God bless Muck Boots!!  And the farmer’s wife who gets to wear them.  And boy, oh boy, I’ve been wearing them.

Unless you have been spending some time outside the country this winter, you’ve probably experienced some of the weather we’ve had.  That includes snow.  Lots and lots of snow!

So on the few snow days I’ve had (I swear my school district is like the Postal Service), I’ve thrown on my precious MUCK BOOTS and have helped out Adam.  In fact, I’ve helped out Adam so much lately that I have become his official assistant in farm operations (this official title that I have given myself is in lieu of pay, of course).

I’ve helped him move cattle, check cattle, water cattle, feed cattle, rescue cattle, resuscitate cattle, chase cattle, and escort him to Arby’s after buying electrolytes for cattle.  The MUCK BOOTS have come in very handy, and have kept my sensitive toes warm and dry.

Getting warm inside because my mama decided to have me during Snowmageddon...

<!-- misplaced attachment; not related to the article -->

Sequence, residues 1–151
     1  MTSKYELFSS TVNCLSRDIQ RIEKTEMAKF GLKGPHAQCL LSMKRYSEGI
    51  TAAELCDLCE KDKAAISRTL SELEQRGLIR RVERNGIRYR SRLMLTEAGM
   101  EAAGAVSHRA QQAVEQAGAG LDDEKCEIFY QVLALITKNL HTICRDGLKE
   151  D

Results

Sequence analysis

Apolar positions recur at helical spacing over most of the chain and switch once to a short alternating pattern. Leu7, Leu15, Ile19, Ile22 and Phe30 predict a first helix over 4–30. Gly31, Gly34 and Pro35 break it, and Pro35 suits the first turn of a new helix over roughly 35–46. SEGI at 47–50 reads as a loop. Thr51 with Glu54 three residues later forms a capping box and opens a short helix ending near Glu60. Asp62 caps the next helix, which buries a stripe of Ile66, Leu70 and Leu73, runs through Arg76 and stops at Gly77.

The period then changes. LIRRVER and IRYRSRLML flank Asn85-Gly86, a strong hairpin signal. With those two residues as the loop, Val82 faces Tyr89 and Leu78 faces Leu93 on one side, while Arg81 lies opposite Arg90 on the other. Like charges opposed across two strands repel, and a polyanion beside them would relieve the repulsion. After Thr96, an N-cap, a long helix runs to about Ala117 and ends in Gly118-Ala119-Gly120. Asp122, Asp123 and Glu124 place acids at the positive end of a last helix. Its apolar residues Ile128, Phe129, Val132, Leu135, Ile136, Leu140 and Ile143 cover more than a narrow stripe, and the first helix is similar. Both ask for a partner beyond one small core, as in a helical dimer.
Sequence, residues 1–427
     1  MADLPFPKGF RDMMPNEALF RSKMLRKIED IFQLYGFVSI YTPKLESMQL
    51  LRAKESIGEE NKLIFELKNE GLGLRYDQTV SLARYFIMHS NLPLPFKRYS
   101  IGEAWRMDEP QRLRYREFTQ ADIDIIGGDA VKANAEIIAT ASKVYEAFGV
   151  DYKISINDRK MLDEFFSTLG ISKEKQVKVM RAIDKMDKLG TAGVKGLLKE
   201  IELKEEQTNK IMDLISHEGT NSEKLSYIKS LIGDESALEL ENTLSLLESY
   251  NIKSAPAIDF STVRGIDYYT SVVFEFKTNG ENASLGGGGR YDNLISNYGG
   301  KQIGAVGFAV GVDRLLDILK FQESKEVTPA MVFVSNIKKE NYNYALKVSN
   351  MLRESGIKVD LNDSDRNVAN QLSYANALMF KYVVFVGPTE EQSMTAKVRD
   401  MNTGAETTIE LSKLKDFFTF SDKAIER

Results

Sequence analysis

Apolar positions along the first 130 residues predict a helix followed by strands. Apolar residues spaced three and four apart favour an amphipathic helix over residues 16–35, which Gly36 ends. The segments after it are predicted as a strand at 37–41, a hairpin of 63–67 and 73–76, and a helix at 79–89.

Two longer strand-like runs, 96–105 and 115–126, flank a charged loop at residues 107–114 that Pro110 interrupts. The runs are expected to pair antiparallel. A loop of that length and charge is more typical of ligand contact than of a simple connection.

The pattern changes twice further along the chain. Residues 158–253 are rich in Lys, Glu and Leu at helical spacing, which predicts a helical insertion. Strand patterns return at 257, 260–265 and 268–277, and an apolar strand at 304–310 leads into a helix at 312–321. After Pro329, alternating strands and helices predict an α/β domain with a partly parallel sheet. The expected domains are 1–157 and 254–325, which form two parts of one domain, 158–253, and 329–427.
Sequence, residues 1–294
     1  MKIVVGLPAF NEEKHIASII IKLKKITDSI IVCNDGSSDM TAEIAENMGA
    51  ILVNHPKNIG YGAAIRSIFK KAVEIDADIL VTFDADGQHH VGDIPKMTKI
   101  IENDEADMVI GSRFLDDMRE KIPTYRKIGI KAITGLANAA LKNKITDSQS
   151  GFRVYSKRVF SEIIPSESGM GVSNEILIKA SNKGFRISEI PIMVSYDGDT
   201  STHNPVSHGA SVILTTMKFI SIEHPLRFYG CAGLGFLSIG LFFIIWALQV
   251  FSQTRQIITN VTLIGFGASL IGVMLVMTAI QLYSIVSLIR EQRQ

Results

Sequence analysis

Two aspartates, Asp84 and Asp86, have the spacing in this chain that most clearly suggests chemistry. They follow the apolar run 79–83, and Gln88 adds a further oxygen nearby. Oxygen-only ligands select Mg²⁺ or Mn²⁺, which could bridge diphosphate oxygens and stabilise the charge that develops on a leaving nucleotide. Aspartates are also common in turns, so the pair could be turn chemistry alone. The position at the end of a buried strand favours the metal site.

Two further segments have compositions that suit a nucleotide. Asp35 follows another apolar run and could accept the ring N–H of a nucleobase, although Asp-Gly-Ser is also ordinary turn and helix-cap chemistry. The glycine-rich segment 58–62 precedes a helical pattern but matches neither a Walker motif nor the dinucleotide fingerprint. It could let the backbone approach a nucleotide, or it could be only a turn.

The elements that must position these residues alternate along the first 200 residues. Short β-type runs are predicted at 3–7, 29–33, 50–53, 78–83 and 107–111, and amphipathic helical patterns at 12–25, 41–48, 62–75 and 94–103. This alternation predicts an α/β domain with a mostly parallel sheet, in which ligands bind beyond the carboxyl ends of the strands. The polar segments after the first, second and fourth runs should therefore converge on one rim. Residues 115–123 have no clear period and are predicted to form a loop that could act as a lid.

Braving the elements and 17 inches of snow where the chicken shed once stood.

Adam blazing a trail down the road with his tractor so I don't get stuck.

Happy cows like being fed corn, especially when there's tons of snow on the ground.

I had to try out the homemade snow ice cream everyone was talking about on Facebook.

Just a pretty picture...

 

 

Hopefully everything will start thawing out, the rest of the calves that are yet to be born will have nice warm weather, the wheat will have great conditions to get nice and green, and Swirls won’t get eaten by coyotes when he decides it’s time to go back outside for good.

 

Seriously, you want ME to go outside?? Hey, what does a cat gotta do around here to get some nice boots like yours?

Awww nuts, did I offend someone??